Tesla Just Passed 4 Million Cumulative Sales (Charts)

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Tesla sales hit yet another quarterly record in the 1st quarter of 2023. That was overshadowed by the fact that Tesla cut prices several times and gross margins dropped, but Tesla’s phenomenal progress increasing vehicle production and sales quarter after quarter almost without a break is worthy of its own story.

(Note that interactive versions of all of these charts are down at the bottom of this article. They tend to show best on a real computer, rather than a smartphone.)

In 11 out of the last 12 quarters, Tesla’s sales (deliveries) rose compared to the quarter before. That’s every quarter except one in the past 3 years that the company saw quarter-over-quarter sales. Furthermore, the start of that trend was when the COVID-19 pandemic hit, and related economic shutdowns around the world. If you assume the two weak quarters in 2020 from those shutdowns had followed the normal trend, then 15 out of the last 16 quarters would have shown quarter-over-quarter growth. The funny thing is that in every year of that chart, there were many claims from Tesla critics that Tesla customer demand was peaking and quarterly sales would never be higher again.

Before getting back to the bar charts, though, let’s have a quick look at Tesla’s cumulative sales numbers.

The chart above shows an almost perfect example of exponential growth. It looks like the first half of the famous S-curve of disruptive technology adoption. All in all, Tesla’s growth looks solid and enviable.

That’s overall cumulative sales growth, but it’s perhaps more interesting to split out cumulative Tesla Model 3 and Model Y sales growth.


As you can see in those charts above, while Tesla Model 3 cumulative sales continued to go up steadily, it was the arrival of the Tesla Model Y and its rapid ramp-up that really kept Tesla on that overall exponential growth curve. In fact, the Model Y is catching up to the Model 3 fast. Its cumulative sales have risen to almost 1.6 million, while Model 3 cumulative sales are just a bit higher at about 1.9 million. We could well see the Model Y surpass the Model 3 in cumulative sales by the end of 2023! That’s a bit mind blowing when you consider how quickly and how hugely the Model 3 shattered EV sales records, and records beyond the EV industry.

Getting back to a bar chart, this one above again shows Tesla’s quarterly sales trend, but this time indicating each quarter’s model sales. The standout visual here, yet again, is how much Model Y sales grew and contributed to Tesla’s rising quarterly sales. One has to wonder: how high can the Model Y go? It was already the 4th best selling automobile in the world in 2022.

For the last two graphics (before the interactive charts, which include one more type of chart), we’ve got a couple of line graphs.

These line graphs indicate quarterly Tesla sales, just as the bar charts above did, but looking at the visual representations in this other way helps to picture from another viewpoint what is driving Tesla sales. I find the Model Y’s growth trend staggering, and it’s worth noting that the vehicle is on track for more than a million sales in 2023 after the 1st quarter.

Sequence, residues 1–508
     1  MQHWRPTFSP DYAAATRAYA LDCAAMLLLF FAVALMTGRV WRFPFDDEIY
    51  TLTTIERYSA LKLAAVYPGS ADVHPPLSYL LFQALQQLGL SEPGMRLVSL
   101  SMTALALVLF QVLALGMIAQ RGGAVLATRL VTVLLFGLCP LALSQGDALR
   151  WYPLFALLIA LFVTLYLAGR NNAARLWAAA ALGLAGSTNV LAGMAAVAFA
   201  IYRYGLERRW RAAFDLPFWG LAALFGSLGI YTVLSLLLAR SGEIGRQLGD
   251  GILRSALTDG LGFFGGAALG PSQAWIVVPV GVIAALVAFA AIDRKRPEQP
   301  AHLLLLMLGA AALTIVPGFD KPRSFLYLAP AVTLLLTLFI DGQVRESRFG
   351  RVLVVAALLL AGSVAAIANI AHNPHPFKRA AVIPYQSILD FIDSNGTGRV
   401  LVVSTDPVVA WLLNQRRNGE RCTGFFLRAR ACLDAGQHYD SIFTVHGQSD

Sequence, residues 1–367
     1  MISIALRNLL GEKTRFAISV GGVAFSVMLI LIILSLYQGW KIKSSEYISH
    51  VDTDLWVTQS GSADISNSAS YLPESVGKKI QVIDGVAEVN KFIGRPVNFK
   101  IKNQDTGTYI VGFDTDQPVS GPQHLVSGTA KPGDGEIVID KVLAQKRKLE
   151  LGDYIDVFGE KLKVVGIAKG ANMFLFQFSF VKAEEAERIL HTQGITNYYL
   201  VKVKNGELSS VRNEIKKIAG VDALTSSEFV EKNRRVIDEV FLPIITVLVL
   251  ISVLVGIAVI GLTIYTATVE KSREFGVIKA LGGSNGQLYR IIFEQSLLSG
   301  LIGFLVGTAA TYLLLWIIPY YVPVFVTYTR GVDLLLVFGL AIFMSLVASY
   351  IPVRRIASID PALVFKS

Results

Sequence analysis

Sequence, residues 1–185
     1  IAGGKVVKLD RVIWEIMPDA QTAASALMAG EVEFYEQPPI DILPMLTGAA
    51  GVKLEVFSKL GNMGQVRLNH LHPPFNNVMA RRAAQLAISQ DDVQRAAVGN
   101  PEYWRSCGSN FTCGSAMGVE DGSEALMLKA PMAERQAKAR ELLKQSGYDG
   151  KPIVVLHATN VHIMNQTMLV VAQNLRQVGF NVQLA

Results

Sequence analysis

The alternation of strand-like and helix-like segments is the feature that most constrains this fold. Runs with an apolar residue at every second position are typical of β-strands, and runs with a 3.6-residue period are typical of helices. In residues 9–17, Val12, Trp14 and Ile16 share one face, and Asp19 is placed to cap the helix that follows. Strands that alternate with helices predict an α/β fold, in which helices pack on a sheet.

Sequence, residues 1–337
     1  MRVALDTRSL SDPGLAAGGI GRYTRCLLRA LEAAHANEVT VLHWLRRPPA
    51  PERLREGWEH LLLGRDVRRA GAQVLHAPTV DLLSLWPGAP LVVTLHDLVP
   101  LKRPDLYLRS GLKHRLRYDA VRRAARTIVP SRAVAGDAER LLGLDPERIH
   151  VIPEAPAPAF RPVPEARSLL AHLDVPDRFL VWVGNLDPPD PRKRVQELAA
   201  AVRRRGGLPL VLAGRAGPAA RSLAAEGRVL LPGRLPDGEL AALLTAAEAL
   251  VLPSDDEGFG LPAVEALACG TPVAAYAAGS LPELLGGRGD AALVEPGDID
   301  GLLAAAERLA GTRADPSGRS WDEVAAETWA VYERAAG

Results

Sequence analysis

Those sales charts are fun, but what’s even more fun are the interactive versions below. Be sure to get on an actual computer to maximize the fun. The on chart that’s new here is the one with the red bars. On that chart, you can toggle between the models to see quarterly bar charts for each of them. The scale changes depending on the model, which takes away some of the comparison potential, but this chart is more about zeroing in on the sales trends of each model individually.

As a final note, remember that the model-specific sales figures are not official Tesla figures. Tesla combines sales of the Model 3 and Model Y (which is downright annoying, especially considering that no other automaker does this with such clearly different models) and sales of the Model S and Model X (ditto). The way I split out model sales here is now most heavily informed by Troy Teslike’s tracking of production and sales, and his resulting estimates.

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Zachary Shahan

Zach is tryin' to help society help itself one word at a time. He spends most of his time here on CleanTechnica as its director, chief editor, and CEO. Zach is recognized globally as an electric vehicle, solar energy, and energy storage expert. He has presented about cleantech at conferences in India, the UAE, Ukraine, Poland, Germany, the Netherlands, the USA, Canada, and Curaçao. Zach has long-term investments in Tesla [TSLA], NIO [NIO], Xpeng [XPEV], Ford [F], ChargePoint [CHPT], Amazon [AMZN], Piedmont Lithium [PLL], Lithium Americas [LAC], Albemarle Corporation [ALB], Nouveau Monde Graphite [NMGRF], Talon Metals [TLOFF], Arclight Clean Transition Corp [ACTC], and Starbucks [SBUX]. But he does not offer (explicitly or implicitly) investment advice of any sort.

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